A new survey found many employees don’t read their employee handbooks. Here’s a look at how to better communicate benefits information.
How do you tell your staff about their employee benefits? If it’s via a handbook, chances are a lot of your employees may not be getting all the information.
According to a new survey [PDF] by employee engagement and communications company GuideSpark, 43 percent of millennials and 30 percent of non-millennials are not reading most of their handbooks. The survey of about 550 full-time employees also found that 11 percent of millennials hadn’t even opened their handbooks, and 23 percent of millennials and 36 percent of non-millennials didn’t know where their handbooks were anymore.
While the survey focused mainly on the disconnect among millennials, it highlights the importance of effectively communicating employer-sponsored benefits, which can play an important role in attracting and keeping top talent.
According to MetLife’s 2014 “U.S. Employee Benefit Trends Study,” 43 percent of employees strongly agreed that benefits were an important reason why they chose to work for their employer. Fifty percent strongly agreed that benefits are an important reason to remain with their employer, indicating the importance of good communication not just at the outset of employment but throughout an employee’s tenure.
Echoing the GuideSpark findings are some stats from a 2013 Society for Human Resource Management (SHRM) survey, which found that only 14 percent of employees were very knowledgeable about employer-sponsored benefits that were available to them. Seventy-two percent were somewhat knowledgeable and 14 percent were not very knowledgeable.
Most, 84 percent, of the roughly 450 HR professionals surveyed reported using online or paper enrollment materials to communicate benefits information. Among the other methods organizations use to communicate about benefits:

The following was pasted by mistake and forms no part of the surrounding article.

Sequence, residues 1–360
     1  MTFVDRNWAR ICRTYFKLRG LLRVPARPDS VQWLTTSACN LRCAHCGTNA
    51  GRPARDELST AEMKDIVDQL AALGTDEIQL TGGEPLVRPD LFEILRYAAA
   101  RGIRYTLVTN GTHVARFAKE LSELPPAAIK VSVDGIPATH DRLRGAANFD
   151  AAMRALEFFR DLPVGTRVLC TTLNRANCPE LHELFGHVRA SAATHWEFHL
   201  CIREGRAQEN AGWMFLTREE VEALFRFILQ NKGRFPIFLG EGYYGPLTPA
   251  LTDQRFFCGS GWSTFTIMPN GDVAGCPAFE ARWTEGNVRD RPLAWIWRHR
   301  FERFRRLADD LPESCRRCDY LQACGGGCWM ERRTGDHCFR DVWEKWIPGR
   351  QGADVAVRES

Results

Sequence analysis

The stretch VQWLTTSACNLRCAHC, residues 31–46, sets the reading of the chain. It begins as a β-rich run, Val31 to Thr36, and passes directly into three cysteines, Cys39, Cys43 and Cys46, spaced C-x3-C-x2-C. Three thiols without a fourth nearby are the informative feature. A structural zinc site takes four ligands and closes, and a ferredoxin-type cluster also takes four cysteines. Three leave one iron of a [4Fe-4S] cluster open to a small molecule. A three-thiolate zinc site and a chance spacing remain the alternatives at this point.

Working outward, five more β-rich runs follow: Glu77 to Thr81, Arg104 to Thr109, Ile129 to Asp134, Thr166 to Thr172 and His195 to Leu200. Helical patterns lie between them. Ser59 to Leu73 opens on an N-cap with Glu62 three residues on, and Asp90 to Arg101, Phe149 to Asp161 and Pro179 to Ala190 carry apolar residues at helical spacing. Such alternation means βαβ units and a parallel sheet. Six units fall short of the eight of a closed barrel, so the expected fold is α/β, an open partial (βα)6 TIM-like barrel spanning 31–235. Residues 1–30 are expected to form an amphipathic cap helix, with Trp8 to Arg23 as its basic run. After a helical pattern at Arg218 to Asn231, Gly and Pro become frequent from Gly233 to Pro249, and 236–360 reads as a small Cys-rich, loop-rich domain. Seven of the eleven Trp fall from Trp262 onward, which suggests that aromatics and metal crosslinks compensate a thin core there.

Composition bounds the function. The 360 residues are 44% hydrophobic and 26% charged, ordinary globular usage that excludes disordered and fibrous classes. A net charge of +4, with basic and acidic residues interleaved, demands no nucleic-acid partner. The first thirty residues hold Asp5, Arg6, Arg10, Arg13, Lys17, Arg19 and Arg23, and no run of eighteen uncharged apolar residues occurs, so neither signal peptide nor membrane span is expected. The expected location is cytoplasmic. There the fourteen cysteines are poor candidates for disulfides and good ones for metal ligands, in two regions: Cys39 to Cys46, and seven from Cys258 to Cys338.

- group communications with an organizational representative (65 percent)
- one-to-one counseling with an organizational representative (51 percent)
- intranet (48 percent)
- direct mail to residence (41 percent)
- online or paper newsletters (39 percent)
- benefit fairs (26 percent)
- virtual education (13 percent)
- social media (4 percent)
With so many options for communicating benefits information and with so many employees reporting they are only “somewhat” or “not very” knowledgeable of available options, how do you determine the most effective means of communicating this information?
One possible solution may be to ask employees what they want, Audrey Boone Tillman, executive vice president of corporate services at Aflac, told SHRM. Tillman recommended surveying employees to determine what they need and want.
Tillman also recommended using a mix of methods. Don’t simply rely on a handbook, for example. Pair that with one-on-one sessions with agency representatives or lunch-and-learn sessions. Also, communicate with employees year-round, not just during new-employee orientation or open enrollment.
Another tip: The GuideSpark study suggests using video. Sixteen percent of the surveyed employees reported their organizations are currently using video for communicating benefits information, but with the huge growth in consumers’ video consumption there could be a growing opportunity for organizations to leverage this communication channel for HR purposes.
How do you communicate benefits information to your staff? Let us know in the comments.